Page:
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Image stacking

Thanks to fast star recognition and SIMD code, Astroart can stack hundreds of images very quickly. This allows to repeat the process with different settings and compare the results.
In a few seconds all images are normalized, corrected, rejected if needed, aligned and summed into a high quality result.

Adaptive filters

Astroart contains several adaptive filters. The non-linear high pass filter improves the sharpness of an image without introducing artifacts.

The adaptive low pass reduces the noise of an image without blurring and loosing definition.

De-noise filters

These filters attenuate the random noise of an image, without blurring the details.

Thanks to speed of the realtime preview, the best filter parameters can be found visually.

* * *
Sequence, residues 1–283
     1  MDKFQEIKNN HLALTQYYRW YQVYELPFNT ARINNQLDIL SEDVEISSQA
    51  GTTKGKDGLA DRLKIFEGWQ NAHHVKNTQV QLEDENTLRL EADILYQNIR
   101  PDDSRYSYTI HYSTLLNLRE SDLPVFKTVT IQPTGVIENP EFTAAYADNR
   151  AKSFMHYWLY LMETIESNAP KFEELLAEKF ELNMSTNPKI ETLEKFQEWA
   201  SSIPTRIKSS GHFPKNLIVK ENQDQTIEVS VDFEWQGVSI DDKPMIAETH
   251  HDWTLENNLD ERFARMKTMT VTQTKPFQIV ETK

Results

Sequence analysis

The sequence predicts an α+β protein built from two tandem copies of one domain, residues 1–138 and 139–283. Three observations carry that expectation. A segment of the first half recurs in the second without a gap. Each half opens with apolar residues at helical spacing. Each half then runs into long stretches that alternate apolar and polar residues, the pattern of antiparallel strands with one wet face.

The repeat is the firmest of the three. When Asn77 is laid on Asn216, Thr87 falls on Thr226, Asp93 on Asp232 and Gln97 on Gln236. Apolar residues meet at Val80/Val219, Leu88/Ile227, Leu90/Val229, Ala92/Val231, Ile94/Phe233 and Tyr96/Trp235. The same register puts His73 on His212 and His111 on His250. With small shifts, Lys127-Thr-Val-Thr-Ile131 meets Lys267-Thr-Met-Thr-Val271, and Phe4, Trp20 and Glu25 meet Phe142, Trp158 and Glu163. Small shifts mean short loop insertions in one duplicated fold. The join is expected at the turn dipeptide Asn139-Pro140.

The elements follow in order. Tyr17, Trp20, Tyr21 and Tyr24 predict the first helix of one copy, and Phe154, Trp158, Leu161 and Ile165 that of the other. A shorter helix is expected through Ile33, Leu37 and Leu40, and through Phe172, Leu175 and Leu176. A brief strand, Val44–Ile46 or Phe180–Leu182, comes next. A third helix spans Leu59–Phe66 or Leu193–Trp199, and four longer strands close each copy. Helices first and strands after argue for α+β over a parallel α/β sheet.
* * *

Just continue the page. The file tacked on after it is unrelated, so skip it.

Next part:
With the deconvolution filters it's possible to restore an image corrupted by blur or bad tracking.

This image of M13 was taken on film, but it was restored anyway using maximum entropy deconvolution.


Astroart includes a complete mask layer. Masks are used to process or analyze a part of the image.

Masks can be created from a Formula (for example: all pixels below a value), from stars, or just using the mouse like in graphical programs.


Several white balance methods, and the realtime preview, let you easily combine three or four channels (LRGB).
This image of the Fishhead Nebula (IC 1795) was made with the "Hubble palette", using the S-II, H-Alpha and OIII filter. Image and processing by Rudi Bjørn Rasmussen.

Optical distortions

Optical distortions are corrected with standard FITS SIP polynomials.
This provides high quality image stacking, or astrometry with greater precision.

Common pictures

Powerful filters like Deconvolution and FFT can be applied to your own photos.
Common images
Working with 96 bits (32 for every R,G,B channel) allows to correct better the defects and to balance accurately the colours.

Next page: Image analysis